Sen. Arlen Specter (R-PA) proposed an amendment (SA 27) to the Ledbetter Act that would have stricken the “other practices” language, arguing it would “promote an enormous amount of litigation as to whether ‘other practices’ included such items as promotion, hiring, firing, training, tenure, [or] demotion.” 155 Cong. Rec. S754 (daily ed. Jan. 22, 2009) (statement of Sen. Specter). However, Sen. Mikulski, who sponsored the Senate bill, rejected Sen. Specter’s amendment because it did not cover “job evaluations,” “classifications” and other “personnel actions that still result in discriminatory wages.” 155 Cong. Rec. S758 (daily ed. Jan. 22, 2009) (statement of Sen. Mikulski, in effect confirming that the Act is intended to include a wide variety of practices).

“benefits or other compensation”
An unlawful employment practice occurs with respect to disparate pay when an individual is affected by application of a discriminatory compensation decision or other practice, “including each time wages, benefits, or other compensation is paid.”Lilly Ledbetter Fair Pay Act of 2009, Pub. L. No. 111-2, § 3. The terms “benefits, or other compensation” could apply to the full gamut of entitlements that an employer’s discriminatory decision could impact, including health benefits, paid leave, bonuses, stock options, retirement payments and pensions. The only clarification provided by the Act is in Section 2, part 4, which states, “Nothing in this Act is intended to change current law treatment of when pension distributions are considered paid.” This clarification preserves the rule that “pension distributions are considered paid upon entering retirement and not upon the issuance of each annuity check.” See H.R. Rep. No. 110-237, at 18 (2007) citing Florida v. Long, 487 U.S. 223, 239 (1988); Maki v. Allete, Inc., 383 F.3d 740, 744 (8th Cir. 2004.)

“similar or related to”
Plaintiffs are entitled to back pay for the two years preceding the filing of the charge “where the unlawful employment practices that have occurred during the charge filing period are similar or related to unlawful employment practices.” Lilly Ledbetter Fair Pay Act of 2009, Pub. L. No. 111-2, § 3. The terms “similar or related to” are not defined in the Ledbetter Act. Therefore, they are likely to be the subject of future litigation as employers assert statute of limitations defenses to back pay for some prior pay differences by alleging the prior pay differences were not caused by unlawful employment practices that are “similar or related to” the practices that caused pay differences during the charge period.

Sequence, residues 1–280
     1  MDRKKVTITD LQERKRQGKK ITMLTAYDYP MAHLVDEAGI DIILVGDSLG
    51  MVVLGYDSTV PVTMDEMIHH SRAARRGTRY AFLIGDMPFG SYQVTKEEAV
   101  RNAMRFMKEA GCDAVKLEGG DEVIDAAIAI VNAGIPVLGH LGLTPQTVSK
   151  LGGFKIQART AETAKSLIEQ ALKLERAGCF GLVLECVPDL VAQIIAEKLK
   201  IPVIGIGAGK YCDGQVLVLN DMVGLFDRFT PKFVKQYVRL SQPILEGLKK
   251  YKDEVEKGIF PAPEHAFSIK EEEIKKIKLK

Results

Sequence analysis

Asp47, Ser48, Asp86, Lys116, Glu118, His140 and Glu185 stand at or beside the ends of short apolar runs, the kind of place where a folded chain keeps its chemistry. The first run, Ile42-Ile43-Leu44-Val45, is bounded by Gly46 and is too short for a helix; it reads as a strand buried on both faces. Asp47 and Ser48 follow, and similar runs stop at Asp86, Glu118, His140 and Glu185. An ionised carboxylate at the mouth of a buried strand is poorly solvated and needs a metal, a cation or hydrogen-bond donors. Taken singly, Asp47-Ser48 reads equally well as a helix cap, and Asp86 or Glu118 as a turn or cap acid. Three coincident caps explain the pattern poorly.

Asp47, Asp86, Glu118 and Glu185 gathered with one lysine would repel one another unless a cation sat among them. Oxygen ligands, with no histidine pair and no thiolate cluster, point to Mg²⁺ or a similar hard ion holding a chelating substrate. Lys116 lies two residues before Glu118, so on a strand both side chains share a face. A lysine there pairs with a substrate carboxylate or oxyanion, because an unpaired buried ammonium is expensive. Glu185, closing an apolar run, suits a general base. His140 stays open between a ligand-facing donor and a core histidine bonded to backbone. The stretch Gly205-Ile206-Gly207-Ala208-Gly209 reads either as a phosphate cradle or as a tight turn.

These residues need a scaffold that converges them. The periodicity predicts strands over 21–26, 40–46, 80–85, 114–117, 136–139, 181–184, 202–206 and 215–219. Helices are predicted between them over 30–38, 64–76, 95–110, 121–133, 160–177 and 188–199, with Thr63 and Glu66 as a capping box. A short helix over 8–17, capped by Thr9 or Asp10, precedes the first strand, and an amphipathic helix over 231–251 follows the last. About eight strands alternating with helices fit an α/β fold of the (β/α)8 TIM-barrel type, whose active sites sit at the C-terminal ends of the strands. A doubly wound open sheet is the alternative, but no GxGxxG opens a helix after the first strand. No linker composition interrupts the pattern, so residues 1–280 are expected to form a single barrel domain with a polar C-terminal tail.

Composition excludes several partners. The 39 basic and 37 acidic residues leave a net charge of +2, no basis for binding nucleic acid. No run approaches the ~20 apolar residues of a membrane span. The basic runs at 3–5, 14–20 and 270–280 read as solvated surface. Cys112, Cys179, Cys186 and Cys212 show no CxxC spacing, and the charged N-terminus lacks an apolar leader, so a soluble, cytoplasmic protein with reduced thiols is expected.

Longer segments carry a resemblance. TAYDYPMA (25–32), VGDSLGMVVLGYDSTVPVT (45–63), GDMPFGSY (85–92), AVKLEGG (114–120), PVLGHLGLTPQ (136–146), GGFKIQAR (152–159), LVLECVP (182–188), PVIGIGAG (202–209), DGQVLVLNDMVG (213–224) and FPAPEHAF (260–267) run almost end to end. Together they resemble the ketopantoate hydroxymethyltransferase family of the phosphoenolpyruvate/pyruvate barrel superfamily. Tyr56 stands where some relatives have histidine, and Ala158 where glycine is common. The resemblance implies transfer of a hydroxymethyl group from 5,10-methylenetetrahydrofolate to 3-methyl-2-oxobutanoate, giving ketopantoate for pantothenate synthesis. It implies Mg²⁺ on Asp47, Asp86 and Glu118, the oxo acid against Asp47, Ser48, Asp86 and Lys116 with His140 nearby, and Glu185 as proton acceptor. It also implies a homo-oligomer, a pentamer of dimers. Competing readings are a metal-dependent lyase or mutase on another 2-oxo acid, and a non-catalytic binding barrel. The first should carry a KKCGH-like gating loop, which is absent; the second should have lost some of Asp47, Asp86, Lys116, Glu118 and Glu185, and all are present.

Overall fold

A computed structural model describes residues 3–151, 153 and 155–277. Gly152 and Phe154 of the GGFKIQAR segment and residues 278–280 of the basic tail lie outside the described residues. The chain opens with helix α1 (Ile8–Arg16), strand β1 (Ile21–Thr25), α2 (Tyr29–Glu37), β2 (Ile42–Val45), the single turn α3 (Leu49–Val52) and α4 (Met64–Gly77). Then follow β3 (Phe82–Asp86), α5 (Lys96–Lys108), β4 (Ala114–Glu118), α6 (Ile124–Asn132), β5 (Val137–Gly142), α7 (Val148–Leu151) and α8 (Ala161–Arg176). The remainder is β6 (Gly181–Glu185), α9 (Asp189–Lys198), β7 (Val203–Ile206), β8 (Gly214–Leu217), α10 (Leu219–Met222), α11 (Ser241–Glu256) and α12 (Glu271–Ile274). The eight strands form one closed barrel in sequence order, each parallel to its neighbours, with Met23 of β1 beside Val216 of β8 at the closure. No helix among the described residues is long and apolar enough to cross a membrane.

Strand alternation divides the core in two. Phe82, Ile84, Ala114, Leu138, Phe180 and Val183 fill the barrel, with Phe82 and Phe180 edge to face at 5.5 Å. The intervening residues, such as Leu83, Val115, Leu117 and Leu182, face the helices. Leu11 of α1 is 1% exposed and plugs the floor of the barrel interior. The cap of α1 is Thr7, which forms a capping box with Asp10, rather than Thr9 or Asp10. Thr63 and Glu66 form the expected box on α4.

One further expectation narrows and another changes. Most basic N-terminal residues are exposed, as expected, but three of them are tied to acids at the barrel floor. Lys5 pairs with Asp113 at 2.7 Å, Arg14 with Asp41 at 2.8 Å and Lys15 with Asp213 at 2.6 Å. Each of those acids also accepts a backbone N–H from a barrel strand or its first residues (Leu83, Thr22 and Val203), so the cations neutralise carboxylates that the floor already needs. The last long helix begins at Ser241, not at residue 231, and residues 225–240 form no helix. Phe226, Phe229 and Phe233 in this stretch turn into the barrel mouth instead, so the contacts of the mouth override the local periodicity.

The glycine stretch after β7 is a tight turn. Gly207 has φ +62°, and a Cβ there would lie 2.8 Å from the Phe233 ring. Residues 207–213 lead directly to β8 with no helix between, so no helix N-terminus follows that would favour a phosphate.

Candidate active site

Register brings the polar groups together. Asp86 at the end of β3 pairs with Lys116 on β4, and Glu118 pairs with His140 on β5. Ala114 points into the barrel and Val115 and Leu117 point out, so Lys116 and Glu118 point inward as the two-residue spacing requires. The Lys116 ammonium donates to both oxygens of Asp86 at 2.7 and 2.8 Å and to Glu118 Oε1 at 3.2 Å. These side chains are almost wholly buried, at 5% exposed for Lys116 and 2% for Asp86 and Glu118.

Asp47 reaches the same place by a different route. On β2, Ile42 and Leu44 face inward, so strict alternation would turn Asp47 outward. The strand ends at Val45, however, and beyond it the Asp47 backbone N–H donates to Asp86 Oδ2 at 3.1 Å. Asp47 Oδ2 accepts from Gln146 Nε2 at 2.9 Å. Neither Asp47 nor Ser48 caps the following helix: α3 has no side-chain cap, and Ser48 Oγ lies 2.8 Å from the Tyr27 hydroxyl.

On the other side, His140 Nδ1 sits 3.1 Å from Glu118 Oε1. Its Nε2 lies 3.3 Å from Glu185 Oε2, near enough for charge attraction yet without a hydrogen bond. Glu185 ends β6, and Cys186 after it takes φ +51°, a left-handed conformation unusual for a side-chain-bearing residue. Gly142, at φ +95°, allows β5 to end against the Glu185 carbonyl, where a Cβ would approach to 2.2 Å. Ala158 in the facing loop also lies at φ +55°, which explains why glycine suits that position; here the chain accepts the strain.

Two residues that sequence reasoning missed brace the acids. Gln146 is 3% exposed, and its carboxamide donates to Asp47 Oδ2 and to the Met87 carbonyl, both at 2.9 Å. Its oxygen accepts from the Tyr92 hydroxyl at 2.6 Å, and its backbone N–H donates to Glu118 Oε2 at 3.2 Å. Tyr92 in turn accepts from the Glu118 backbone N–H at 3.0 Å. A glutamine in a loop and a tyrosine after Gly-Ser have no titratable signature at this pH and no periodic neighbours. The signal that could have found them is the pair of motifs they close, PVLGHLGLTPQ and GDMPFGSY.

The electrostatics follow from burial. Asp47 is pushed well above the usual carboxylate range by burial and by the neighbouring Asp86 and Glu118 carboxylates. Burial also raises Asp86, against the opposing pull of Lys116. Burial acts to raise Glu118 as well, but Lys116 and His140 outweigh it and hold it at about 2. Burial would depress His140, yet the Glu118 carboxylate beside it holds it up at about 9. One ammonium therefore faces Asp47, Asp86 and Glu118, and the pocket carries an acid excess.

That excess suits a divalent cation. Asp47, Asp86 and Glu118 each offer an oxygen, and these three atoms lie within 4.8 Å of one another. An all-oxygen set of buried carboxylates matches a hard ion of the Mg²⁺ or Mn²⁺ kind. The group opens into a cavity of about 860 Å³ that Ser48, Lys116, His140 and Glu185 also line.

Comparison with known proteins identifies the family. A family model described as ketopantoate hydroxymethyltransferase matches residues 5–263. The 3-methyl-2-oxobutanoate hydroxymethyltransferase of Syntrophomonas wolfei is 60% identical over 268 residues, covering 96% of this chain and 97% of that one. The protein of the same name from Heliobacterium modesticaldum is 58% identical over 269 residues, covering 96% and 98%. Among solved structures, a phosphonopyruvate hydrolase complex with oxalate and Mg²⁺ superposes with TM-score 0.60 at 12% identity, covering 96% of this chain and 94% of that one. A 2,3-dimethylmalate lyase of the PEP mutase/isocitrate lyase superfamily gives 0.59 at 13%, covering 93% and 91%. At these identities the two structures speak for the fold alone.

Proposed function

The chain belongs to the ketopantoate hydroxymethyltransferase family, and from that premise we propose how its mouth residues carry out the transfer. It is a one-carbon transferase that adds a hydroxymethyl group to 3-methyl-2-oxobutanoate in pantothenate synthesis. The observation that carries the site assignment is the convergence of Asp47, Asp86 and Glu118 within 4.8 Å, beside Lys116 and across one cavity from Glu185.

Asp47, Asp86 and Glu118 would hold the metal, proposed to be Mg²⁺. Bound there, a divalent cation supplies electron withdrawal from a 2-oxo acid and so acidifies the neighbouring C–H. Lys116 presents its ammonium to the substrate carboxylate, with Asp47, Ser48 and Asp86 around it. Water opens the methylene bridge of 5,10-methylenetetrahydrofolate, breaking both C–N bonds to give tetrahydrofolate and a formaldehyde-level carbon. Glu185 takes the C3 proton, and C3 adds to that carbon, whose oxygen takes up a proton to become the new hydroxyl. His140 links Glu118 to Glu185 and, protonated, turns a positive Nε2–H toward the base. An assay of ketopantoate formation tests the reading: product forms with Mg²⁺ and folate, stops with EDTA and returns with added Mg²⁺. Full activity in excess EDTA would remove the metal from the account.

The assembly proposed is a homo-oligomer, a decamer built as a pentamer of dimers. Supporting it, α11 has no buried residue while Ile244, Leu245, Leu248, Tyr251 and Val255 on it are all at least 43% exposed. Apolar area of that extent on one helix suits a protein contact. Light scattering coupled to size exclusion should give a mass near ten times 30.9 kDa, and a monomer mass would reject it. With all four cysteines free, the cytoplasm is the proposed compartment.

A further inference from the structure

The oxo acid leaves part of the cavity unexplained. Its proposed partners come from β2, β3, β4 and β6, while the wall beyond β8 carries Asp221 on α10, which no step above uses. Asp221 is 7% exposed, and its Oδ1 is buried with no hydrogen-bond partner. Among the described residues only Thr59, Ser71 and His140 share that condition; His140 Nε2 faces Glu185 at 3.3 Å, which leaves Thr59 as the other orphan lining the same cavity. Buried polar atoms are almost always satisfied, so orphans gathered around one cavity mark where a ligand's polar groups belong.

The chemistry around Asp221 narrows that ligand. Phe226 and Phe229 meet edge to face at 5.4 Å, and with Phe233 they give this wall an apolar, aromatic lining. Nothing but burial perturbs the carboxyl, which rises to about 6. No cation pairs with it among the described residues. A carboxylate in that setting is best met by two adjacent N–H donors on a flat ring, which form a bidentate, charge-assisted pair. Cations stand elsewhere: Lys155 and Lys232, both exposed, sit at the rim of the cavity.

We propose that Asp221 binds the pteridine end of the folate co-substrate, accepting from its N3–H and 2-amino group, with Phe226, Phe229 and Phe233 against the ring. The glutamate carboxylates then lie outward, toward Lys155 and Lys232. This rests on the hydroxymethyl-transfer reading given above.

Unchanged
The Act does not change the limit on recovery of back pay. Employees are still only entitled to recover back pay for a maximum of two years preceding the filing of a discrimination charge under Title VII. In addition, the Act does not prevent an employer from asserting that an employee’s claim is time-barred under the equitable doctrines of waiver, estoppel or laches. 155 Cong. Rec. S754 (daily ed. Jan. 22, 2009) (statement of Sen. Mikulski).

Additional failed amendment
Sen. Kay Bailey Hutchinson (R-TX) offered an amendment (SA 25) based on her Title VII Fairness Act (S.166) that would have started the 180 day limitations period running only when an employee reasonably suspects, or should reasonably suspect, the discriminatory action. This kind of filing deadline, commonly known as a “discovery rule,” protects employees who are kept in the dark about pay disparities. The Hutchinson amendment was defeated 40-55.

Recommendations for employers
The Ledbetter Act makes it easier for employees to bring claims alleging pay discrimination. It is also more likely that such claims will be pursued because of the publicity the Ledbetter Act received and the current tough economic climate. To reduce the risk of potential liability, employers must review their human resources, benefits and compensation practices to ensure they are consistently applied from the time of the employee’s hiring through the employee’s tenure with the company. Because of the detailed documentation that would be needed to deny a claim that a discriminatory compensation decision had been made at any point during an employee’s tenure, employers need to make changes and take precautions to protect themselves, which will certainly be costly. The following are some, but certainly not all, of the precautions an employer should take to minimize liability: